If you follow my blog, you know that I like to feature spectacular images that scientists have created during the course of their research. These images are rarely viewed outside the lab, but some are so worthy of artistic merit and brimming with educational value that they deserve a wider audience. That’s one reason why the Federation of American Societies for Experimental Biology (FASEB) launched its BioArt contest. Of the 12 winners in 2013, I’m proud to report that 11 received support from NIH. In fact, I’m so proud that I plan to showcase their work in an occasional series entitled “Snapshots of Life.” Continue reading to see the first installment—enjoy! (more…)
Posted In: Science
Tags: art, bilharzia, Federation of American Societies for Experimental Biology, flatworm, global health, immune, National Institute of Allergy and Infectious Diseases, National Institutes of Health, parasite, research, Schistosomiasis, snail, snail fever, stem cells, worm
“It was the best of times, it was the worst of times.” Until recently, we’d never have dreamed of mentioning the famous opening line of Charles Dickens’ Tale of Two Cities in the context of U.S. biomedical research. But now those words ring all too true.
The “best of times” reflects the amazing technological advances and unprecedented scientific opportunities that exist right now. We’ve never had a better chance to make rapid progress in preventing, diagnosing, and curing human disease. But the “worst of times” is the other reality: NIH’s ability to support vital research at more than 2,500 universities and organizations across the nation is reeling from a decline in funding that threatens our health, our economy, and our standing as the world leader in biomedical innovation.
The brand new $3 million Breakthrough Prize in the Life Sciences  delivered a very nice reward and well deserved recognition to eleven exceptionally creative scientists who have devoted their careers to biology and medicine. And, with five awards to be given each year, I hope this inspires other life scientists to embark on innovative and high-risk endeavors.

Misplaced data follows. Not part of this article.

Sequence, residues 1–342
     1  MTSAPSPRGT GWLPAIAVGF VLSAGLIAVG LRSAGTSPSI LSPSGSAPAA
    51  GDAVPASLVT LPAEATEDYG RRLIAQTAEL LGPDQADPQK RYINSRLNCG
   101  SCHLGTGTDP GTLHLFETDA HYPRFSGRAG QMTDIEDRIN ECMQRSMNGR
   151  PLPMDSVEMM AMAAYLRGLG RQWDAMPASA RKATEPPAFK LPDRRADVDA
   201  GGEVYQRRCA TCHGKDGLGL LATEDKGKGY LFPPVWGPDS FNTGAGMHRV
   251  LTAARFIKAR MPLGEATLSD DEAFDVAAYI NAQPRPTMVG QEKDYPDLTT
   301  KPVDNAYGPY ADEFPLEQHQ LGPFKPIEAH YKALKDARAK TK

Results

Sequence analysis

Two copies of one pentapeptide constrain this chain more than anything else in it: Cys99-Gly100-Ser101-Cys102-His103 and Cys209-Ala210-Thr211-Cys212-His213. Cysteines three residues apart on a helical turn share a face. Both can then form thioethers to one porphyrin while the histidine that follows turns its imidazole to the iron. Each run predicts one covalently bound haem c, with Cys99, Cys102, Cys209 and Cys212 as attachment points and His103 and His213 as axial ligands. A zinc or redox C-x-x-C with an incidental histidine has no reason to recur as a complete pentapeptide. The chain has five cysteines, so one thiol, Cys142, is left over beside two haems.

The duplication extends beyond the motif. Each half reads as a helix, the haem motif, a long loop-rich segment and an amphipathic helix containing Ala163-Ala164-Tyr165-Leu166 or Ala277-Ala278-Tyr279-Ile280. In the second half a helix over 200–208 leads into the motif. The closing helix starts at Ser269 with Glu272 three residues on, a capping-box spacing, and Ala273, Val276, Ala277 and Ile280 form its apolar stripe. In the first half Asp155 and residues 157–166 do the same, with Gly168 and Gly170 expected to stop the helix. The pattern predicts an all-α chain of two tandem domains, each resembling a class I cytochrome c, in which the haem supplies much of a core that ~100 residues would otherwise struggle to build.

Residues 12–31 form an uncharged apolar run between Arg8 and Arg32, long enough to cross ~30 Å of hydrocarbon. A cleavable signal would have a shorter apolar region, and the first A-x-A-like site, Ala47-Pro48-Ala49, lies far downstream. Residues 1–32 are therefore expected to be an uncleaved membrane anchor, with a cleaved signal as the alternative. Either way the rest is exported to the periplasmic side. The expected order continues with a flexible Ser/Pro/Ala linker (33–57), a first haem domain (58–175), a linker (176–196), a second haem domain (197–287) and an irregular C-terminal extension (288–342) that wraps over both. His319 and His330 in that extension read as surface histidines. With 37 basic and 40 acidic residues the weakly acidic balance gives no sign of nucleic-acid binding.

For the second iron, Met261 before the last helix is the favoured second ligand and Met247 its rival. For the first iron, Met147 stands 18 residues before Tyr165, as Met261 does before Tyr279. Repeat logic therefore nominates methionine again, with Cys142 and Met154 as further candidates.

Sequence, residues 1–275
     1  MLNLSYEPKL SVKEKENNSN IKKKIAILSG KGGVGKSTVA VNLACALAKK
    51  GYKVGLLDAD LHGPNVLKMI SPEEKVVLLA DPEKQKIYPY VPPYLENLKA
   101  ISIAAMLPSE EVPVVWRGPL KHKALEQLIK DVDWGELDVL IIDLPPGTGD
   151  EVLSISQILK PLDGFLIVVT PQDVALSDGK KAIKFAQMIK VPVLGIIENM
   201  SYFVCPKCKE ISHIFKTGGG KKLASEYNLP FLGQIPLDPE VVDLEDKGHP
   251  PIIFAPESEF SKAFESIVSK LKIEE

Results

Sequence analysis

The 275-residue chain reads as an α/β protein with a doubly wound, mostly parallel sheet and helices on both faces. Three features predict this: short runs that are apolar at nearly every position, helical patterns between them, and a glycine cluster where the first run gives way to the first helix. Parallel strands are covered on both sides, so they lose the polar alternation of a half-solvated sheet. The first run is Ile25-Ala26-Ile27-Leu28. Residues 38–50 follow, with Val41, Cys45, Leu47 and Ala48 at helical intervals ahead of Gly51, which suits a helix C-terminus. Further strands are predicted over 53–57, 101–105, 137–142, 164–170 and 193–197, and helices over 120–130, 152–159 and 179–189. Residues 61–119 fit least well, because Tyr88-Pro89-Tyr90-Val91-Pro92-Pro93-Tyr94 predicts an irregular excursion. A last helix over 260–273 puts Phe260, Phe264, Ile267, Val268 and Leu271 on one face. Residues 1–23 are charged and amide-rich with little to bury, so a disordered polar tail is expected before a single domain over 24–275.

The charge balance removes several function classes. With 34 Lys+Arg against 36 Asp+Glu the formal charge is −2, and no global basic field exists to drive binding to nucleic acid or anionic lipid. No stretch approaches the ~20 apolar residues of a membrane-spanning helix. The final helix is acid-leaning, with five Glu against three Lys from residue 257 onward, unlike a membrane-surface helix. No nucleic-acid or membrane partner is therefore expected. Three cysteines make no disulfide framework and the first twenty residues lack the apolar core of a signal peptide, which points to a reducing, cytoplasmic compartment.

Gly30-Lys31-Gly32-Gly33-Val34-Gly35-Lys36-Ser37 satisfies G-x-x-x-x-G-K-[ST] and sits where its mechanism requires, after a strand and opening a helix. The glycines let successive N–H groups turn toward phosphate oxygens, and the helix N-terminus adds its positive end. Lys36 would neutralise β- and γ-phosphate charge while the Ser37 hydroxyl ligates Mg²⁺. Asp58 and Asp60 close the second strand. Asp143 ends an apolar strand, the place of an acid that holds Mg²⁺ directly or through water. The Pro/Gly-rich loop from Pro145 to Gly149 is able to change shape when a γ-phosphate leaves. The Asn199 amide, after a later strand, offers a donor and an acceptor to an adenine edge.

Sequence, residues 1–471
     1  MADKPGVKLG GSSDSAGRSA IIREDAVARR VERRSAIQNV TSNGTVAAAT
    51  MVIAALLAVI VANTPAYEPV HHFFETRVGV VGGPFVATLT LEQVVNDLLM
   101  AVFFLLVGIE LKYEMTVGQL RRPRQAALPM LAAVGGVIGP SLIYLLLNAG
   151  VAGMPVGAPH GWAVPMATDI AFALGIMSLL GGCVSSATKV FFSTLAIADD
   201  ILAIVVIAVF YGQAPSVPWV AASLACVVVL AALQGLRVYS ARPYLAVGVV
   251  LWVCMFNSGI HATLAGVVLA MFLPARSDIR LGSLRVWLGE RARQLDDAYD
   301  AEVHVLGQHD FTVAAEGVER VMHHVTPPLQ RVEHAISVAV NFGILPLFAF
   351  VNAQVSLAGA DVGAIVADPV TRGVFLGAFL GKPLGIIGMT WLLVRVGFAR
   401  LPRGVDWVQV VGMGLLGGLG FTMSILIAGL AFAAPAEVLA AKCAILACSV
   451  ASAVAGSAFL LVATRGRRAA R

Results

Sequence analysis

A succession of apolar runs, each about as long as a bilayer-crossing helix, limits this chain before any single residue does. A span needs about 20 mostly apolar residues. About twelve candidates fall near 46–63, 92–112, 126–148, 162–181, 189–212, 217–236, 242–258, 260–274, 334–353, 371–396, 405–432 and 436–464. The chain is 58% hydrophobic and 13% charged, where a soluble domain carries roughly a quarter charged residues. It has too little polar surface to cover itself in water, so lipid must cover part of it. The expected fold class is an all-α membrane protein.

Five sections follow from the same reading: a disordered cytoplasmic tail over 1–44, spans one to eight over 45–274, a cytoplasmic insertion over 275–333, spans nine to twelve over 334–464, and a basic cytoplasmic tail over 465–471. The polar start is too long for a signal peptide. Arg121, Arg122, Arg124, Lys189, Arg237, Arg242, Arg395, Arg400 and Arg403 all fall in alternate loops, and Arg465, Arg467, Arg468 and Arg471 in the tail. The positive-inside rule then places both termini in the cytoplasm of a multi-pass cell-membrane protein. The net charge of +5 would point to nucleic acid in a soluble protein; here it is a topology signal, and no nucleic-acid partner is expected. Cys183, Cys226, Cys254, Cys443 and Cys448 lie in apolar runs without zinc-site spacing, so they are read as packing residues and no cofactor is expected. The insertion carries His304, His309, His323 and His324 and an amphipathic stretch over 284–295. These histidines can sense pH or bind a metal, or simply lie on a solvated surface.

For this inaugural round, I’m proud to say that nine of the eleven winners were NIH grant recipients—some for more than three decades. Now, you may not have heard of most of these scientists. Quite frankly, that’s a shame. These folks have discovered fundamental principles of biology—everything from cancer causing genes to techniques for creating stem cells. These discoveries have boosted our understanding of health and disease, and led to the development of many drugs and therapies.
So these individuals really should be household names—and more of that kind of recognition would be a good thing to inspire youth to explore careers in science. In the United States, virtually everyone can list names of multiple movie stars and athletes, but two-thirds of Americans can’t name a single living scientist .
Tags: 23&Me, Apple, Bargmann, behavior, biology, Botstein, Breakthrough Prize in the Life Sciences, Brin, cancer, Cantley, Chan, de Lange, Facebook, genes, Google, innovation, iPS cells, Lander, Levinson, Milner, NIH grantees, oncogene, Prize, research, Sawyers, stem cells, telomeres, Vogelstein, Weinberg, Wojcicki, Yamanaka, Zuckerberg
Today is International Rare Disease Day. In honor of the occasion, I’d like to pay tribute to a few real-life heroes whose struggles have forever changed the landscape of rare disease research.
Folk singer Woody Guthrie is best known for his song, “This Land Is Your Land.” Written more than 70 years ago, “This Land” has taken its place among our nation’s great anthems, setting forth a vision of inclusiveness that has inspired generations of Americans to “sing along.” But the last couple of verses are often omitted. Here’s a version of one of them: